USA Dry Van Logistics emerges from bankruptcy
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USA Dry Van Logistics, a national provider of asset-based transportation and third-party logistics focusing on cross-border shipments between the U.S. and Mexico, recently announced it emerged from bankruptcy after filing for it in February.
Company officials said that USA Dry Van was successfully able to restructure the business and have the same customer base, employees, lenders, and equipment intact. And they added that the company’s new owners are a conglomerate of lenders and shareholders led by GE Capital Corporation, CapitalOne, and FCC.
USA Dry Van’s new CEO is Dennis Reilly, whom formerly served as president of North American Transportation for OHL, and has also held positions with YRC Logistics, Menlo Logistics, CHEP USA and Frito Lay.
The main reason USA Dry Van entered into bankruptcy was that its debt was greater than its assets, said Reilly.
The company has roughly 500 tractors and drivers and 1,800 trailers and more than 250 customers and 650 employees. Instead of shutting the company down, its lenders and owners considered the company’s strong business model and niche in the marketplace as a transportation and logistics services provider for the Maquiladora industry and elected to work through the bankruptcy process, make the needed changes, and recoup their investments by growing the business.
“They felt very confident the business could run well if given a second chance,” said Reilly.
The main services USA Dry Van offers focuses on bringing freight into Mexico from the U.S. and take finished products out of Mexico. The company leverages several strong carrier relationships in Mexico, whom take USA Dry Van trailers loaded with product to Mexico-based plants, and then take loads of finished products in Laredo via an interchange at a terminal there and move full loads to the northeast, southwest, Midwest, and southern California regions of the U.S.
USA Dry Van’s corporate headquarters are located in McAllen, Texas, and the company has an office Monterey, Mexico and a small terminal in Dallas, Texas.
“We have several assets that we use on the U.S.-Mexico border, which is why a lot of companies tend to use us, because we have a great operation for moving freight both ways across the border,” said Reilly. “We fit that niche that a lot of people want to get into, as a lot of 3PLs are not as confident running cross-border shipments as they are doing it in just the U.S.”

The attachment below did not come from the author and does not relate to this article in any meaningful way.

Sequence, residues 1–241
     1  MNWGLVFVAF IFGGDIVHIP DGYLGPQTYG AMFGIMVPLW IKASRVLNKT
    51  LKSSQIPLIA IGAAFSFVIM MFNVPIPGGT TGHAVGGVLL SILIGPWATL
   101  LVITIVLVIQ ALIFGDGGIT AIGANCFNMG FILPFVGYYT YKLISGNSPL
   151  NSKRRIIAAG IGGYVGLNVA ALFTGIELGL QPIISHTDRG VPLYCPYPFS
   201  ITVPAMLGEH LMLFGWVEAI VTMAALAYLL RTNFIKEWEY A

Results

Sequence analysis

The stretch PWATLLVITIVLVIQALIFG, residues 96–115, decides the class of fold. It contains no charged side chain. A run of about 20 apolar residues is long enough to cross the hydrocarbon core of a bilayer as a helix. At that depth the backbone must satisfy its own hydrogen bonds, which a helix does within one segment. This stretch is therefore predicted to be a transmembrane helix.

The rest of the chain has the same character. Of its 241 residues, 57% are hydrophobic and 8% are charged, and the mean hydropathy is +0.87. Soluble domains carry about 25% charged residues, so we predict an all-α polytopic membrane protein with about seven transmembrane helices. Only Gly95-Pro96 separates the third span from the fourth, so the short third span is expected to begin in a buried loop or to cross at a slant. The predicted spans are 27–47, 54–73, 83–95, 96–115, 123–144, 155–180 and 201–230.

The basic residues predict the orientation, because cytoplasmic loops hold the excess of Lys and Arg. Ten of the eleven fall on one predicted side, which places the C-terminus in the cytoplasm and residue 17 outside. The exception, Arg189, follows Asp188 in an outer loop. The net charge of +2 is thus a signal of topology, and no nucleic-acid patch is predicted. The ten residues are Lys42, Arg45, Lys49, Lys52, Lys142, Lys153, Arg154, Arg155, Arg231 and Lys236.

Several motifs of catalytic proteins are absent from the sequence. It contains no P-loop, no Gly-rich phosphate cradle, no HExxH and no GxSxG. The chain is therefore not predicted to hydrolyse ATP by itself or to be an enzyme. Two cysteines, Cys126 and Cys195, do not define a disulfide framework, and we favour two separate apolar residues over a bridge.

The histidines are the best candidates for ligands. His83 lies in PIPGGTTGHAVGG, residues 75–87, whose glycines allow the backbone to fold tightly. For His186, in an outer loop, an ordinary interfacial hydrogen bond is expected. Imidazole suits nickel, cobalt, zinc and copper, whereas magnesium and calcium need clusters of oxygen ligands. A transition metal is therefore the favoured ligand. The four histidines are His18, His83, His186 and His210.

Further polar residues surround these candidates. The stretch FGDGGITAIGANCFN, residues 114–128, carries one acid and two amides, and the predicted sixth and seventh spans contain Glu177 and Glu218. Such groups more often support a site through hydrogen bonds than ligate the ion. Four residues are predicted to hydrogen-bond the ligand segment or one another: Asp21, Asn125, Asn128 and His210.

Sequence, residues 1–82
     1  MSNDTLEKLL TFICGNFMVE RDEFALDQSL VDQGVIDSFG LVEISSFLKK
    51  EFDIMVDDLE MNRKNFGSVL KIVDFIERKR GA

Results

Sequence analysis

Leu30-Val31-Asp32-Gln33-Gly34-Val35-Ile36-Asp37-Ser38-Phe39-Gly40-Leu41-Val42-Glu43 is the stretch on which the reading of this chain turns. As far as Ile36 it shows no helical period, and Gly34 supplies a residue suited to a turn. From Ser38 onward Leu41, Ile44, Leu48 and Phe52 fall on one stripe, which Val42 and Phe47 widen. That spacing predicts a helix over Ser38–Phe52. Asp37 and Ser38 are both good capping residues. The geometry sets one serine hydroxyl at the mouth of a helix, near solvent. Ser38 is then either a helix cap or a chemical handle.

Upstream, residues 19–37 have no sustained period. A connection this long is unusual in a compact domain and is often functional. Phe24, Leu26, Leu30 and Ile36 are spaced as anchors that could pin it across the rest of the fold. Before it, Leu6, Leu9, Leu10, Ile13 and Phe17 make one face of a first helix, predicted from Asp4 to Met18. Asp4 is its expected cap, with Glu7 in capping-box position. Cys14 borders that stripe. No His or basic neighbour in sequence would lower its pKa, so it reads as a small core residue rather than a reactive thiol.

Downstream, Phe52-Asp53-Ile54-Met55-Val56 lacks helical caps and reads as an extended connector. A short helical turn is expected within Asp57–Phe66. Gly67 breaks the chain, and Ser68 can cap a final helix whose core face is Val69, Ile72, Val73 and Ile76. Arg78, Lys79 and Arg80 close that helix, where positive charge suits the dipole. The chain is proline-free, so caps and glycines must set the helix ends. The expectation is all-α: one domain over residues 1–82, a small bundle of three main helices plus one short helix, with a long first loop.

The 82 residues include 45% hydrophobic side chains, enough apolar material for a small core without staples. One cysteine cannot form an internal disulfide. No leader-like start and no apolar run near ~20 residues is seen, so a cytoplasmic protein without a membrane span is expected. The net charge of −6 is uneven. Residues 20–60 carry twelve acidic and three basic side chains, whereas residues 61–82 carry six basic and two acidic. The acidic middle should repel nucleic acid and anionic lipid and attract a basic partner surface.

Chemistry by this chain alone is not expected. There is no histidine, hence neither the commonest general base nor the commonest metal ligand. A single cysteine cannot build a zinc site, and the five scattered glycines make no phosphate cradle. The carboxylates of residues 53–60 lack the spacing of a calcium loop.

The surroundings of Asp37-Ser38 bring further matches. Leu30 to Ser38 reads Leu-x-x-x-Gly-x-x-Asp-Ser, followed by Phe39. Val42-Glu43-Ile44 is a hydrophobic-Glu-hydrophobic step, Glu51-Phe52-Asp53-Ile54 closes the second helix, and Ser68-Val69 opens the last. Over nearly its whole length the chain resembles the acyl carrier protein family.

The majority of USA Dry Van’s customers is U.S.-based and have manufacturing plants in Mexico, according to Andres Alejo, the company’s general manager. He added that the majority of the customer base is comprised of companies in the electronics and appliances sectors, as well as automotive.
CEO Reilly said that since the company filed for bankruptcy operations have been smooth, with the primary challenge for the company being able to attract and retain high quality drivers that can handle an average length of haul of 1,100-to-1,200 miles, with an average transit time of 2.7 days. Reilly said that empty miles make up about 7 percent of its total mileage and 80 percent of its loads pertain to Mexico-based hauls.
“We want to attract safe drivers that can help expand our business,” he said. “The day-to-day operations are run very well so we don’t expect any significant changes there.”
Along with dedicated cross-border freight transportation services, USA Dry Van has a 250,000 square-foot warehouse in McAllen to provide shippers with cross-docking and trans-loading, and basic warehousing services.Logistics Management December 9, 2010
About the AuthorJeff Berman Jeff Berman is Group News Editor for Logistics Management, Modern Materials Handling, and Supply Chain Management Review. Jeff works and lives in Cape Elizabeth, Maine, where he covers all aspects of the supply chain, logistics, freight transportation, and materials handling sectors on a daily basis. Contact Jeff Berman
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